Max4Live opens up a world of sound design possibilities for any hardware synth, as well as giving you the opportunity to automate and save parameter settings in a track. Maybe you need a big resonant filter sweep before the beat kicks in, or you want to engage the arpeggiator at sporadic moments. If it’s possible with your synth, its possible with Max4Live! So let’s look at how:

Start off by preparing yourself with as much information on your synth as you can – get the manual from the official site, and if possible the service manual (these hidden gems not only have detailed midi implementation, but often feature beautiful exploded diagrams and flow charts on fixing the synth, which come in very handy.

Many synths receive Control Changes (or CC’s) to change individual parameters, which are what we’ll focus on in this tutorial. This tutorial will apply to any synth which receives these messages, and as an example, we’ll make a patch for the Waldorf Pulse today.

Have a look at your synth manual to see how it’s controlled – this is likely to be in the MIDI Implementation Chart towards the back. Here’s the manual for the Waldorf Pulse.

Having the synth in front of you is a very important (but not essential) element, so you can test sent parameters are working. It’s also useful as a reference to find out what MIDI gets sent by the synth  when the manuals don’t quite cover or explain it – via the synths MIDI output*.

Setting up Max4Live

First, start a new Ableton session with one MIDI track and one Audio Track. Make sure you set up the MIDI outputs to match your synths input channel and create a short sequence to so you can hear it playing . Set the audio Monitor to IN on the audio track so you can hear it. Hurrah!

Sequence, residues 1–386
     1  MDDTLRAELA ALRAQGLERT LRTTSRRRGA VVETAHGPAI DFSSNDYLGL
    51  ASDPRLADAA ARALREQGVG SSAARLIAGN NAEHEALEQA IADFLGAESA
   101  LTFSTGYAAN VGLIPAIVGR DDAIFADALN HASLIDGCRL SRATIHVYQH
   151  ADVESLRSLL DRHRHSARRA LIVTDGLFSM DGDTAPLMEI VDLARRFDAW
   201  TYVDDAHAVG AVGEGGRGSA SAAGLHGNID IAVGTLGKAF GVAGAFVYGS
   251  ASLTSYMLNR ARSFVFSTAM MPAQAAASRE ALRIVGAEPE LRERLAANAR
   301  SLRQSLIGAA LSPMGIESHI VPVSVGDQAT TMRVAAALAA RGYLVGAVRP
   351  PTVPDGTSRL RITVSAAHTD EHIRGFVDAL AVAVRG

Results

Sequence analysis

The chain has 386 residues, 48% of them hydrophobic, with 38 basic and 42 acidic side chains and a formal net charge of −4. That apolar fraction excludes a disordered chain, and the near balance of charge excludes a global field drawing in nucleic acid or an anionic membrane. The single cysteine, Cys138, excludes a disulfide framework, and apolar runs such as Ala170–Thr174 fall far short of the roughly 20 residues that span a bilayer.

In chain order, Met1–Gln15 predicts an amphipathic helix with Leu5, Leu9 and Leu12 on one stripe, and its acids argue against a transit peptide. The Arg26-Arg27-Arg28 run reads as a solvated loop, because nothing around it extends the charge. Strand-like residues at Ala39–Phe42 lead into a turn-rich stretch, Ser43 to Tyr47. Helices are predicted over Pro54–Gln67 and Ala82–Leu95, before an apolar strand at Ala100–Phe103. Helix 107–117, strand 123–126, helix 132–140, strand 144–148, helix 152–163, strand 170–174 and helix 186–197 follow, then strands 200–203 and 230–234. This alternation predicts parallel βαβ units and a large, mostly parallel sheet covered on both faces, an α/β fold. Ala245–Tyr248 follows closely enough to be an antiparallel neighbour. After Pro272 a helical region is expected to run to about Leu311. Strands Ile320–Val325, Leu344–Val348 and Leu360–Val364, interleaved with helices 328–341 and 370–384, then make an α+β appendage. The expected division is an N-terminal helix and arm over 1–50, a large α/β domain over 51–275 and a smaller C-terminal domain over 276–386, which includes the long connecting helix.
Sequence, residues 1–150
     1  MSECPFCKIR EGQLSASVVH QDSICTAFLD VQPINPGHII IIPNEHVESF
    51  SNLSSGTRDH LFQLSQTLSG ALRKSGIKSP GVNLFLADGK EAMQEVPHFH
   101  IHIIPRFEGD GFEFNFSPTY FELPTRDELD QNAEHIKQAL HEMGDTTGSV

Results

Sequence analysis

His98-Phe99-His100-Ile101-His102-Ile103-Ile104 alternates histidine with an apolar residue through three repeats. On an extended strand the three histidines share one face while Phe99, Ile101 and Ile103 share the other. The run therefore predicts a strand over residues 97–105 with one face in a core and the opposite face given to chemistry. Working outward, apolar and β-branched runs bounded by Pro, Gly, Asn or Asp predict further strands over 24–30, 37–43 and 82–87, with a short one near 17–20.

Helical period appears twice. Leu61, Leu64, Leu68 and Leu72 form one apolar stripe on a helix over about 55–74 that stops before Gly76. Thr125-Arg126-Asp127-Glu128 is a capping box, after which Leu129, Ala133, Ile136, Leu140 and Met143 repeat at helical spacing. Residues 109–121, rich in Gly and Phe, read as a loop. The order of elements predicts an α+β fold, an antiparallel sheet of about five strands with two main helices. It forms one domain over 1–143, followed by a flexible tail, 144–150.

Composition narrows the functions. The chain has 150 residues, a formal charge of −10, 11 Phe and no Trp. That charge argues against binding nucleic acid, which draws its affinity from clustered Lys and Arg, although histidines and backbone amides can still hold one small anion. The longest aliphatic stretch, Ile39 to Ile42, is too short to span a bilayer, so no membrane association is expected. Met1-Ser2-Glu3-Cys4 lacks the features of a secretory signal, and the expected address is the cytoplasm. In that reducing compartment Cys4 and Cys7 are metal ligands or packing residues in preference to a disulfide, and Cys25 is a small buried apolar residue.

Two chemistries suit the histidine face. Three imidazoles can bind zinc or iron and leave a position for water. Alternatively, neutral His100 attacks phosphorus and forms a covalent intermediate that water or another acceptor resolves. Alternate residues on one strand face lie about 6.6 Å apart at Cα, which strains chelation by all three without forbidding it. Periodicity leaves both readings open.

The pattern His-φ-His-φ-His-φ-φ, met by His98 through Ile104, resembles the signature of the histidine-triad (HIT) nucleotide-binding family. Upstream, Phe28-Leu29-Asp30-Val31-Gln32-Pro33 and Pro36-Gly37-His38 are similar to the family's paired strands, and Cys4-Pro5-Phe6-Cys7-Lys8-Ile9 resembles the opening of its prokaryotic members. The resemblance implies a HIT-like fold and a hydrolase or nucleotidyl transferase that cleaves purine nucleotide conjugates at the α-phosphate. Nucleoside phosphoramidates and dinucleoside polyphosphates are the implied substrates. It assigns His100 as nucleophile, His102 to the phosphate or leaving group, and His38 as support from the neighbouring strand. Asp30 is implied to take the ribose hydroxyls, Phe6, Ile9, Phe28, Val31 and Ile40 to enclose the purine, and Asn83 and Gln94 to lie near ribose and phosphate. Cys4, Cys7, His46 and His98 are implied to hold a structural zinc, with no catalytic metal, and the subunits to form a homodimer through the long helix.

We’ll start on the most familiar and appealing parameter to edit – the filter cutoff frequency. Page 59 of the Pulse manual contains the parameters we need; Cutoff Frequency and also Resonance – which are CC numbers 50 and 56 respectively. You’ll notice both of these parameters have a 0…127 value range , which means you can send 128 values to each one.

Control change messages require a Controller Number and Controller Value joined, so for a fully open filter cutoff we’ll send a control change message with the following:

50 127 

How about for a fully closed filter?

50 0 

Yes, well done!

We want to control this filter value, so let’s get building! Load a MIDI Effect in the Max4Live menu and drop it onto your MIDI channel.

Sending a CC in Max4Live

You’ll see a midiin object connected to a midiout object, which allows MIDI notes to run through the patch. Press the edit button to open the patch!

We’re going to send CC messages using a specific Max4live object called ctlout which sends control change messages. It’s good to know that if you ever see an object and you are unsure of it, ALT + click (Option + Click on Mac) and you’ll see its accompanying help file – this is how you’ll learn to understand Max4live, seeing what any object can do in great detail. Now create a ctlout object.